Montgomery County introduces new hospitality industry recovery program

The Drake Tavern in Jenkintown, Pa. (Kimberly Paynter/WHYY)

The Drake Tavern in Jenkintown, Pa. (Kimberly Paynter/WHYY)

Montgomery County has awarded $6 million in grants to 600 food service businesses as part of its MontcoStrong 2021 Restaurant Grant Program. Last year, the county awarded nearly $20 million in grants to small businesses financially struggling because of the pandemic.

“Small businesses, especially restaurants, help define our communities. When they suffer, our community suffers,” said Ken Lawrence Jr., vice chair of the county commissioner during this week’s board meeting.

As a part of the most recent grant allocation, the Redevelopment Authority and the County Commerce Department doled out $10,000 in grants to eligible recipients.

When the grant was first announced, county officials stressed that the funds would be spread out equitably across the population.

Grant awardees came from 56 municipalities. Of those business awardees, 33% are owned by people of color and 33% are owned by women, according to data from the Commerce Department.

“This program was jointly administered by the Montgomery County Commerce Department and the Redevelopment Authority of Montgomery County. So I’d like to thank Dave Zellers, our director of commerce, and also the director of the RDA and their board for their assistance in this program,” Lawrence said.

This will not be the last opportunity for small businesses to receive economic relief. Governor Tom Wolf signed Senate Bill 109 earlier this month.

“This created a block grant program for counties to apply to receive funds to administer small business grants to eligible applicants,” Zellers said during the meeting. “These grants, per the legislation, are to be awarded in increments of $5,000 to $50,000. We must begin taking applications for this program no later than March 15 of this year and have all grants awarded by June 15 of this year.”

The board moved in support of this. Pending solicitor approval, the MontcoStrong 2021 Pennsylvania Hospitality Industry Recovery Program will soon be clear to start accepting applications.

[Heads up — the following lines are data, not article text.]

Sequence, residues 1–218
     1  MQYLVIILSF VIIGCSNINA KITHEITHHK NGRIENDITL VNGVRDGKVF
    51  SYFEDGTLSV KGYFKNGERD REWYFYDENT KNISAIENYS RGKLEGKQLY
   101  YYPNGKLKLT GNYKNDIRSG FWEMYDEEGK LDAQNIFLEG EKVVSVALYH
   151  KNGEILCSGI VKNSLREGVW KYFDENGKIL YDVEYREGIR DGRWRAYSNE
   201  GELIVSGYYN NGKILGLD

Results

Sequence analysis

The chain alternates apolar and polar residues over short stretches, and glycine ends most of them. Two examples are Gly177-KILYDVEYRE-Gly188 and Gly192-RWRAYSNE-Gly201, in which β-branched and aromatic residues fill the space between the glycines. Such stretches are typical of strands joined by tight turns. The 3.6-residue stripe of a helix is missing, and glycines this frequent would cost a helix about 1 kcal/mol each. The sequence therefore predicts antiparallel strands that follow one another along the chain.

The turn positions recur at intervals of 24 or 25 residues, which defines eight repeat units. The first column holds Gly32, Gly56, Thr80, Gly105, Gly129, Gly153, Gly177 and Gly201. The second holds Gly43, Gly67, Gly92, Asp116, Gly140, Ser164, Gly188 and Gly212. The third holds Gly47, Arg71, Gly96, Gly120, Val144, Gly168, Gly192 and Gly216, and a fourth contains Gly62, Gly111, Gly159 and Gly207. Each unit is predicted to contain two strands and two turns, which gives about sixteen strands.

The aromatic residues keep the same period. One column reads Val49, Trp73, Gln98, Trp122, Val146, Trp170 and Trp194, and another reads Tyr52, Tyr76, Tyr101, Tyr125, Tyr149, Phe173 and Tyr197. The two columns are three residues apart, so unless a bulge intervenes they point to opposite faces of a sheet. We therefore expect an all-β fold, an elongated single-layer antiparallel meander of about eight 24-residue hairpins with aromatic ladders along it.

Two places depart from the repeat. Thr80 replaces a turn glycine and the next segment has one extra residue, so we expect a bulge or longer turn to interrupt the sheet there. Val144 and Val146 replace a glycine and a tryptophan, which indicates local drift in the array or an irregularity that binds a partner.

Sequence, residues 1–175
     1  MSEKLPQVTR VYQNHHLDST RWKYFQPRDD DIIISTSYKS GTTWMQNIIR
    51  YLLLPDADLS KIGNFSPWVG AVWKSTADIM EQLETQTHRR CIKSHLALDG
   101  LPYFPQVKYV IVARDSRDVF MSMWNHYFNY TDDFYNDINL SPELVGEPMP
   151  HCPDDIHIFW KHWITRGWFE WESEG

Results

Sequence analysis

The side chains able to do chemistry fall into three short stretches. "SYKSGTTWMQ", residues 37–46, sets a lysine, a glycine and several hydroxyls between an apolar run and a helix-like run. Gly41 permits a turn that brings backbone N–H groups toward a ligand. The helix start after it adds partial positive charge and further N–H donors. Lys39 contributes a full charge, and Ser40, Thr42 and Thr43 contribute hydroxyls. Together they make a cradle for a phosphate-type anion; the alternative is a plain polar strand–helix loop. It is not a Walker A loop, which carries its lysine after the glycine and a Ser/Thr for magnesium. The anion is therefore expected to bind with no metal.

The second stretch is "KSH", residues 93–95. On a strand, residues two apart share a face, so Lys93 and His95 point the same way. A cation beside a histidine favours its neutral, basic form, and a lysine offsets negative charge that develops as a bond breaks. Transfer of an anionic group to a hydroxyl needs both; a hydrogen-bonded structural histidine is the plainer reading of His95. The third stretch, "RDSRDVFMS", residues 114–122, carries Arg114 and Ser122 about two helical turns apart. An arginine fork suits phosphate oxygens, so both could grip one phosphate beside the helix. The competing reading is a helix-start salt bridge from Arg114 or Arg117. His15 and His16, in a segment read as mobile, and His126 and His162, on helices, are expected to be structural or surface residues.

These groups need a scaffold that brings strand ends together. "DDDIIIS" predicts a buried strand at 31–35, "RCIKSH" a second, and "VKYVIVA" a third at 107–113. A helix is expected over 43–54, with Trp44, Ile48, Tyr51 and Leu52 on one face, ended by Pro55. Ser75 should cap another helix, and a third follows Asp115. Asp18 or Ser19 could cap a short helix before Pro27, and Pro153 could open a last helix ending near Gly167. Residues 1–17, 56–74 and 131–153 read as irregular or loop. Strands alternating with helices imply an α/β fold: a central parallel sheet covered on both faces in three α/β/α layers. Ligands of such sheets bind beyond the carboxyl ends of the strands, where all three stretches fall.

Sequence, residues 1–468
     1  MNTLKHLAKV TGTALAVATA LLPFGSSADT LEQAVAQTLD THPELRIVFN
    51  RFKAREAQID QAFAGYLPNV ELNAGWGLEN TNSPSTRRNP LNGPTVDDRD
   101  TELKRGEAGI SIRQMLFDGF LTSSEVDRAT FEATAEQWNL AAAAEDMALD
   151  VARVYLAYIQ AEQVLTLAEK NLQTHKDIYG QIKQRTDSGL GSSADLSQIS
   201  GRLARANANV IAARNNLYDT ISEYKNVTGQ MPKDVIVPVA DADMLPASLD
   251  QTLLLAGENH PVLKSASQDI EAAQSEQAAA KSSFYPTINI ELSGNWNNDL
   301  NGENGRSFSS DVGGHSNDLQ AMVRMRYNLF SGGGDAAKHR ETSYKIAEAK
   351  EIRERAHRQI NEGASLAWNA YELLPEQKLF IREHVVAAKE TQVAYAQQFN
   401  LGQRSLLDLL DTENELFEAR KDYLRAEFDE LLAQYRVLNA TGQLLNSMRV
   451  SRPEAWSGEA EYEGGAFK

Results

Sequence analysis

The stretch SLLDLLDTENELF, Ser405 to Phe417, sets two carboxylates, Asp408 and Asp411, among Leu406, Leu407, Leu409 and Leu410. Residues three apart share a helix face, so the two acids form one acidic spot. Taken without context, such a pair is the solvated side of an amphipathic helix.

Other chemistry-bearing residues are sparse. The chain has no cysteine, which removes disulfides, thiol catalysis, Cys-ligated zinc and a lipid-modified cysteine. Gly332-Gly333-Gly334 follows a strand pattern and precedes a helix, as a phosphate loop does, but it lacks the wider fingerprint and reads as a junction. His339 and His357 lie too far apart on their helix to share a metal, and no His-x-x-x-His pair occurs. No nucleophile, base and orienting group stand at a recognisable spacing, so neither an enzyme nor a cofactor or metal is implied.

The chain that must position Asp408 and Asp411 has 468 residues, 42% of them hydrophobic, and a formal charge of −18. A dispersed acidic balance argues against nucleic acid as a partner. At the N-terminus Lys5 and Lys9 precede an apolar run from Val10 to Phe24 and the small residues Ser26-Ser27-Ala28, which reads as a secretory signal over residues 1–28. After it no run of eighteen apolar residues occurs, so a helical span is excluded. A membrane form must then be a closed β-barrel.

The application period begins March 12 and additional details can be found here.

“I’m particularly happy to see these funds coming from the state,” said Dr. Valerie Arkoosh, chair of the county commissioner. “Most of the money that [Zellers] discussed earlier has been from our county allocation CARES Act funding, but this is now additional money coming into our county from the state, which is fantastic news, and money that will go to two industries that I think are the hardest-hit — the hospitality industry and the restaurant industry.”

Commissioners clash — again

While this announcement brought a friendly tone to Thursday’s meeting, the way it began was particularly tense.

In his first meeting after announcing his gubernatorial run, Commissioner Joe Gale engaged in a verbal spat with his fellow board members regarding an annual employee pin ceremony during his opening comments.

“I learned recently that pins, along with a letter, were mailed out to about 250 employees, recognizing them for their years of service, and I was contacted by multiple county employees that were very upset and insulted that my name did not appear on this letter,” Gale said.

Gale told Arkoosh and Lawrence that he was insulted by his lack of appearance on county letters and announcements such as the recent proclamation for Black History Month. Gale, who is white — and has previously called Black Lives Matter a “hate group” — said that his colleagues insulted county employees and the Black community.

“The two of you are obsessed with being vindictive towards me,” Gale said.

Lawrence wasted no time offering a rebuke to Gale by saying that he will not sign documents with him or attend ceremonies with him unless legally required to do so.

“And if you think that your participation trophy entitles you to sign ceremonial resolutions, I suggest that you get your legal team together — that same team that said that you could run for lieutenant governor before you were constitutionally old enough to do so, the same legal team that told you that you could block constituents — and I’d advise you to sue the county,” Lawrence said. “How dare you talk about the Black community after the fear, division, and anger that you caused with your racist statements in June? You’re really a piece of work.”

Gale dismissed Lawrence’s response as “cancel culture.”

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